Govt 'underestimates' slow broadband issues in rural areas header image

Published: 22nd Jun 2016

Rural leaders have argued that the government is underestimating the problems being faced in rural areas as a result of slow broadband speeds. 

The Country Land and Business Association (CLA) has claimed that the government does not appreciate the scale of the issue, with its comments following farm minister David Heath's description of speeds in his Somerset constituency as slower than a "man with a stick". 

Harry Cotterell, president of the CLA, said: "David Heath's description of slow broadband speeds in rural areas is far too generous. We believe his 'man with a stick' must also be confused and lost."

The Department for Environment, Food and Rural Affairs (DEFRA) is not responsible for rolling out faster broadband to these areas, as digital infrastructure falls under the remit of the Department for Culture, Media and Sport.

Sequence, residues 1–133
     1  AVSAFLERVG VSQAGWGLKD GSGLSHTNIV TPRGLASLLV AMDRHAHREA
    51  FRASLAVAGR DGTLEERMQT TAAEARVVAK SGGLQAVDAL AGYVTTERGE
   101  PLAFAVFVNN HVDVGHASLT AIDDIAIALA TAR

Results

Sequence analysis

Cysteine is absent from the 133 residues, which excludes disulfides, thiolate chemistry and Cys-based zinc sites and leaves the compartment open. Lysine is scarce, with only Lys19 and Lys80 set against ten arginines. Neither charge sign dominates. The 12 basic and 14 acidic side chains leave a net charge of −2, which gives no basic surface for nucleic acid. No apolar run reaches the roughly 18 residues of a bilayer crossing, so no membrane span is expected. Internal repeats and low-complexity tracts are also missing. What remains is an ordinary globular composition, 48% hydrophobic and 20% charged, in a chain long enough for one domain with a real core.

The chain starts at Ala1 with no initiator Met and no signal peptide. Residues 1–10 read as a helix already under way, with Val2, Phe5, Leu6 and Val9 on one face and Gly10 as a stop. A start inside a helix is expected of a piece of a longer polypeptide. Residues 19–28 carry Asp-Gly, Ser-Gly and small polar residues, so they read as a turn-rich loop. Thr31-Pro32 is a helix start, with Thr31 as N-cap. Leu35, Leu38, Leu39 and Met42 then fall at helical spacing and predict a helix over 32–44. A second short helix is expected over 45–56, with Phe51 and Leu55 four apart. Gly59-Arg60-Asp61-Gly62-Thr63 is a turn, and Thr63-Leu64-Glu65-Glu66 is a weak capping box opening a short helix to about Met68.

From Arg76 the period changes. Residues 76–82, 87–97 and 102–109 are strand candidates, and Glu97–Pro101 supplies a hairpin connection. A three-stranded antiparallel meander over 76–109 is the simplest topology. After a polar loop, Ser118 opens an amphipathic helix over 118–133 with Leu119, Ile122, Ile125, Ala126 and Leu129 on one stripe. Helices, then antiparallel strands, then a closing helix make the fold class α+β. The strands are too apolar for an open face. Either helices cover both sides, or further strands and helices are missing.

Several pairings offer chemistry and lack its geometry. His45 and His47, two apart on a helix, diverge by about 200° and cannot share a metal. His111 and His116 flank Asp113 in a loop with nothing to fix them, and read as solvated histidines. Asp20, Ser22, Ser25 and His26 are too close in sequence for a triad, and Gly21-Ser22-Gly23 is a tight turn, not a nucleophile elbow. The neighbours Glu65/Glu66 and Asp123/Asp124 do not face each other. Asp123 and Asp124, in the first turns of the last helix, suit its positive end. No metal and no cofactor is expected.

Mr Cotterell stated that the CLA is "delighted" that DEFRA is taking the issue seriously, but insisted that there appears to problems conveying this message to other areas of the government. 

"We have lobbied on this issue for 11 years and it is vital the industry and government departments work together if they are to prevent the rural-urban digital divide from widening further," he added.

The CLA has called for a national campaign to be launched, highlighting the importance of ensuring the countryside remains connected with the rest of the country.

Mr Cotterell suggested that businesses in rural areas will be unable to compete nationally or internationally if they are forced to rely on their current sluggish broadband speeds and insisted that fast internet access is as important to these communities as electricity, water and gas.

A viable alternative for those exasperated with poor internet connections is satellite broadband from Avonline. This delivers the same quality of service and high speeds regardless of the customer's location as it uses signals sent from a satellite in space, rather than underground cables and is already being utilised by people in some of the most remote areas of the UK.